Highly placed military sources told The Sunday Times the LTTE pilot was said to have lost control over the plane when it was shot at, resulting in the plane crashing into the IRD building. The impact triggered the blast of the explosives that were packed in the plane.

Some 58 people were injured due to the explosion, while two deaths were reported – one of them was a 14-year-old child from Obeysekarapura. She was hit by a stray bullet when the security forces activated their defence systems. The plane which crashed at the IRD building was completely destroyed with fragments of the plane and body parts of the pilot all over the place. Part of the engine of the plane is reported to be in the 12th floor of the building.

Around 10.45 pm it was reported that the second LTTE plane had been shot down by anti-aircraft fire over Katunayake. The pilot carried a picture of the Air Tiger Wing members with LTTE leader Velupillai Prabhakaran seated in the middle. He also had two cyanide capsules around his neck and a hand grenade. The attack came after troops who had entered Puthukkudiyiruppu North on Thursday discovered partially-burnt remnants of two aircraft believed to have been in the process of being assembled. One was a small aircraft and the other an unmanned aerial vehicle (UAV).

Defence Spokesman Keheliya Rambukwella said yesterday the government had been expecting such an attack in the aftermath of the LTTE’s debacles in the north. He said it was a desperate attack by the LTTE to bring it into the limelight at a time when it was facing a disgraceful defeat.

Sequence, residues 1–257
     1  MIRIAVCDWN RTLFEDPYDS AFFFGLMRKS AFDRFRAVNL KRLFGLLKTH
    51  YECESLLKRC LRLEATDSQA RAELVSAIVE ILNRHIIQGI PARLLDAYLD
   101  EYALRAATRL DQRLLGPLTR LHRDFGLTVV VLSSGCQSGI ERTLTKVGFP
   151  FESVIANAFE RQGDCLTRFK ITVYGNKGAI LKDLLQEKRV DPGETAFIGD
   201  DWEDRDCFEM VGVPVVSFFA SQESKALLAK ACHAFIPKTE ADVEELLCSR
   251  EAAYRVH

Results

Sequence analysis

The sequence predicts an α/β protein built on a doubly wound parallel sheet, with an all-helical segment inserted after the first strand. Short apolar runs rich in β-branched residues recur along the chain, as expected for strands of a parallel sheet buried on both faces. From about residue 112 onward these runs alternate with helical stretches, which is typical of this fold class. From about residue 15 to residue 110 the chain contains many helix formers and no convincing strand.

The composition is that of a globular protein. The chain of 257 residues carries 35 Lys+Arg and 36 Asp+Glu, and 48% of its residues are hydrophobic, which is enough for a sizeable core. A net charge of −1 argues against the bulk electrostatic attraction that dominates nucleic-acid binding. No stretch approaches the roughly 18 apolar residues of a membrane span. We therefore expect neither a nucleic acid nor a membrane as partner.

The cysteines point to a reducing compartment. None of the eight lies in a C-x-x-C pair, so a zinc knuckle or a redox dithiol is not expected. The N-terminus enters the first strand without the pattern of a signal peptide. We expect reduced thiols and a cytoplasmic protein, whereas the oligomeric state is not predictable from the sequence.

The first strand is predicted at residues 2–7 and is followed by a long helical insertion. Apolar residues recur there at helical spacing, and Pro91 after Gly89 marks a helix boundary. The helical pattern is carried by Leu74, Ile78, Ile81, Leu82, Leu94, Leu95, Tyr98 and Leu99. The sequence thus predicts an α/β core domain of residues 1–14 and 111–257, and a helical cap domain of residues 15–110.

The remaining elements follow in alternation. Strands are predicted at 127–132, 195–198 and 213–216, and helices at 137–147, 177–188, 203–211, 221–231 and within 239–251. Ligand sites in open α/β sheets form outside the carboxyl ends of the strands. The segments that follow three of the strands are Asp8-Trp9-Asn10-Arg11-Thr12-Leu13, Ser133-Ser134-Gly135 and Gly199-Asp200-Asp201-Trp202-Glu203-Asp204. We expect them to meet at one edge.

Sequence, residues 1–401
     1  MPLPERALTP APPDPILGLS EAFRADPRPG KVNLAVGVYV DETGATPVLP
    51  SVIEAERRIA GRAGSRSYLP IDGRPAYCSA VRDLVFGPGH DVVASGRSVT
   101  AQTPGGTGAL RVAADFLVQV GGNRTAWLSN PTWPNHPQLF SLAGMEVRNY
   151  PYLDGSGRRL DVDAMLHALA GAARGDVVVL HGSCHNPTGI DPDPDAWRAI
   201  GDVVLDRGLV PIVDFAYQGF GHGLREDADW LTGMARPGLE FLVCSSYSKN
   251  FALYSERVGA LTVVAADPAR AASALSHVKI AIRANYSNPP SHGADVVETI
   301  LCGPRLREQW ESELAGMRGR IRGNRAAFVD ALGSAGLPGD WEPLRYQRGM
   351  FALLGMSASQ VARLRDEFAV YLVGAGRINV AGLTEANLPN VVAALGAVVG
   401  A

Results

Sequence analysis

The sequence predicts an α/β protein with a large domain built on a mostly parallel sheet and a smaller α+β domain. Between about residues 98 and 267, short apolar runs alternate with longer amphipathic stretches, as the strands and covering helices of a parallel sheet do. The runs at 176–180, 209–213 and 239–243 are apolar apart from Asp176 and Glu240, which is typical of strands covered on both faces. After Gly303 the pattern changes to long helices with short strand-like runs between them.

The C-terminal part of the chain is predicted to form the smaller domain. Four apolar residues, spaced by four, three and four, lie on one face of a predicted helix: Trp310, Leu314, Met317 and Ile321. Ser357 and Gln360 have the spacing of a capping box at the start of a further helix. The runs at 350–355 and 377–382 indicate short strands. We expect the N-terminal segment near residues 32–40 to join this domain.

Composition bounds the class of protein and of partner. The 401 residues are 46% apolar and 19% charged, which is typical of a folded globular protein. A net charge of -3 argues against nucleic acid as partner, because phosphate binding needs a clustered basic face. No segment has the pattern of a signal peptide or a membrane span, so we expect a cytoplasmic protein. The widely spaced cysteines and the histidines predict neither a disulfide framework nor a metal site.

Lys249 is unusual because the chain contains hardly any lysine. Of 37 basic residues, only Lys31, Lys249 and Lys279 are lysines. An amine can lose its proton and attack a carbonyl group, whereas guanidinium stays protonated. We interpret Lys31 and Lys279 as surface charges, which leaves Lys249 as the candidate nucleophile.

Last edited by Saman on Sun Feb 22, 2009 9:45 am, edited 2 times in total.

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 Post subject: Why weren’t flying Tigers intercepted?
 Post Posted: Sun Feb 22, 2009 9:02 am 
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Why weren’t flying Tigers intercepted?

"It was impossible to attack LTTE aircraft, because they were flying at 300 feet, which was too low for Air Force planes." “Once they reached an altitude of around 10,000 feet, they could be targeted successfully. When the aircraft is flying at a lower level it is impossible to attack,”

@ The nation /Sunday February 22, 2009

Questions are once again being asked as to why the Air Force failed to intercept the LTTE aircraft before they reached Colombo, on their ninth air raid on Friday night. This is in the light of the service publicly stating that it was well prepared to meet any challenge from the rudimentary aircraft operated by the Tigers.

Some are of the opinion that they should have been intercepted before reaching Colombo knowing the fact the threat they pose to the vital installations in the Commercial Capital.